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#14989 User is online   Cyberyeti 

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Posted 2020-March-22, 15:28

View Postjohnu, on 2020-March-22, 14:26, said:

Dr. Anthony Fauci certainly did not say that Chloroquine and hydroxychloroquine were ineffective against COVID-19. He did say that news of effectiveness was anecdotal, there hadn't been peer reviewed clinical study, and that the FDA had not recommended using the drug. In other words, he didn't know at this time whether it was effective or not.


I'm not sure how Chinese research is done, whether peer review is normal, but yes it requires further testing.

And apologies on the name, I just used what others had used before.
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#14990 User is offline   kenberg 

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Posted 2020-March-22, 15:47

View Postbarmar, on 2020-March-22, 14:26, said:

The point is that Trump has been exaggerating the promise of Chloroquine significantly. According to ABC News:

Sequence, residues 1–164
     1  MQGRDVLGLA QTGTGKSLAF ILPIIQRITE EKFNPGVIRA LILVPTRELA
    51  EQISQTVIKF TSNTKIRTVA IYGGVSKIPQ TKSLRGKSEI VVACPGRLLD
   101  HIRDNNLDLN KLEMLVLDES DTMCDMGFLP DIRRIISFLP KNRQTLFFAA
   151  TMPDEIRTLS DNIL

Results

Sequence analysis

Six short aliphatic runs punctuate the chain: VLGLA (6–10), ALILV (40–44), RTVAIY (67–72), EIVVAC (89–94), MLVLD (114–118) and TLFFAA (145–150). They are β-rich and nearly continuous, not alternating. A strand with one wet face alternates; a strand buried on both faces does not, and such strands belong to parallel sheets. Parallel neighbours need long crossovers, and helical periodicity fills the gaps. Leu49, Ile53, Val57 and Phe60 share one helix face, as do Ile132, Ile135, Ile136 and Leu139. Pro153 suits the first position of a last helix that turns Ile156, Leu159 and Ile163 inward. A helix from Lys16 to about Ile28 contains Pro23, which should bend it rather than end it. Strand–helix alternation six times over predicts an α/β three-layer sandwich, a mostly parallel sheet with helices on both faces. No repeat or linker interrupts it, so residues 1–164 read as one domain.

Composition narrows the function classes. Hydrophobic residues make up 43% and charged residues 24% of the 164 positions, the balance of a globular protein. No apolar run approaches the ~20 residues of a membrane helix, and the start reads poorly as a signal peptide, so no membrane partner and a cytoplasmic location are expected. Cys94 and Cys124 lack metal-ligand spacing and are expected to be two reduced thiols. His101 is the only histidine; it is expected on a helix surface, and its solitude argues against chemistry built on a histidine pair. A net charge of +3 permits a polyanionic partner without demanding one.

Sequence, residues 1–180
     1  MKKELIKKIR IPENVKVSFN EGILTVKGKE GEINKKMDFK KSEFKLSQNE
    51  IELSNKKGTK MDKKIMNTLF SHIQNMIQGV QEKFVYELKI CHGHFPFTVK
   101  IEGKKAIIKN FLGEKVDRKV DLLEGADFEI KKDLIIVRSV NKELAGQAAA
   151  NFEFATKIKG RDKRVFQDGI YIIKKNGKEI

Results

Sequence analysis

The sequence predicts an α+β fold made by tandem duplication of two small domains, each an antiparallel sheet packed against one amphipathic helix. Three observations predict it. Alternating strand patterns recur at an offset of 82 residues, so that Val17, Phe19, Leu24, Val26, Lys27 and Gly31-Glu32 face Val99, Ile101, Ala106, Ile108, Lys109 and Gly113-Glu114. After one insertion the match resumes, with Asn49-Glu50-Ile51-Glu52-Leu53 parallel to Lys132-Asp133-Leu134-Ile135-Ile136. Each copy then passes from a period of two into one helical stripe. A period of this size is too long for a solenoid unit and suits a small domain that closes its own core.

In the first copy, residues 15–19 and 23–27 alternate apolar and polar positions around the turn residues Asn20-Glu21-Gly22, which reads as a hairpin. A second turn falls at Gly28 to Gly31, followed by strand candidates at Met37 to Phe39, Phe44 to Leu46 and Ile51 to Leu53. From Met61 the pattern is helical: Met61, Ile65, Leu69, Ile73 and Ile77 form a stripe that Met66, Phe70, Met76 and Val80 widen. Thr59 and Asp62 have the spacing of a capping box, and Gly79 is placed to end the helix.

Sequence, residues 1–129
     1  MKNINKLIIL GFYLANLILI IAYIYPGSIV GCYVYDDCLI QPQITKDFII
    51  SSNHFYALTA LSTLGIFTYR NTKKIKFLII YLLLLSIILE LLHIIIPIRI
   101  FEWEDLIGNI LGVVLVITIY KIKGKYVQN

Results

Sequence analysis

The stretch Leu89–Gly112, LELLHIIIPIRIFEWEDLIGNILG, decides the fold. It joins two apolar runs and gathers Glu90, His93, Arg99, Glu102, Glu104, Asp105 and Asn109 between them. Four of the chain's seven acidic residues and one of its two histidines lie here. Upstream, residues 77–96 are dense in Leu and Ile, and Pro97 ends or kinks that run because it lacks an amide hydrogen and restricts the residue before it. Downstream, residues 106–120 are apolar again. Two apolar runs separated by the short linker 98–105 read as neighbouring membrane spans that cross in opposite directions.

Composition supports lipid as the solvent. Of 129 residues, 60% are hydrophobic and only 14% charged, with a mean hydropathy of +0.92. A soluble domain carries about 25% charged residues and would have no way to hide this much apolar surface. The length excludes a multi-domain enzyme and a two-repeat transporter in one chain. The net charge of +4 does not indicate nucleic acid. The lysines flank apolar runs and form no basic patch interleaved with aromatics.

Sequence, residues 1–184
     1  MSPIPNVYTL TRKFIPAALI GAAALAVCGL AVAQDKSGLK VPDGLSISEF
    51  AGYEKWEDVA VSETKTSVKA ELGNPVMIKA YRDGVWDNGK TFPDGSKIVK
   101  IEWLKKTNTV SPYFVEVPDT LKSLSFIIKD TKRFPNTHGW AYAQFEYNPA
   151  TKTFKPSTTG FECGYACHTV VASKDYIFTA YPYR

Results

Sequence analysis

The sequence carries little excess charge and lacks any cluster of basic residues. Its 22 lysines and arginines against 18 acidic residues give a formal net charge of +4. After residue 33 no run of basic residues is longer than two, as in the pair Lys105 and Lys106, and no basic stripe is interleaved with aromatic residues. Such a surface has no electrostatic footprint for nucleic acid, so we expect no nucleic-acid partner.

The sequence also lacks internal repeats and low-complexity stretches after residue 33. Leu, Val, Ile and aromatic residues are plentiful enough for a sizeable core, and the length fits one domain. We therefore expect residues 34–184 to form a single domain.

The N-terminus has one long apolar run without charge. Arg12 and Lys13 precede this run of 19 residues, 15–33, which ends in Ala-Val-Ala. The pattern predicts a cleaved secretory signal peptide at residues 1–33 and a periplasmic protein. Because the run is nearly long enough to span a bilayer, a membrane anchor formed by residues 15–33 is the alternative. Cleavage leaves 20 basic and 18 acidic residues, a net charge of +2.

Dr. Fauci (please note the correct spelling) answered a question from a reporter, explained that signs of the drug's promise were anecdotal.

Trump then said: "It may work, it may not work," he said. "I feel good about it."

Excuse me if Trump's feelings don't inspire me with much hope.


Largely I believe that everything that can be said about Trump has been said, but I still want to make a point. We are all used to politicians (and others) sometimes shading the truth or phrasing it a little to cleverly. Usually they have thought this through and see an advantage in it. But Trump just sounds stupid. I would not think he would want to sound stupid. He says things that the expert standing beside him will immediately reject. And they are simple things, such as accurately describing the symptoms of the virus. Yes, we all might misspell Fauci but we try not to do such things. We do not wish to look careless, ignorant or stupid. Trump just doesn't care. Or has no self-control. Or something. It's bizarre. Lying, hoping to fool someone, is deplorable but at least one can imagine a purpose in it. But how can a guy just not care how dumb he looks?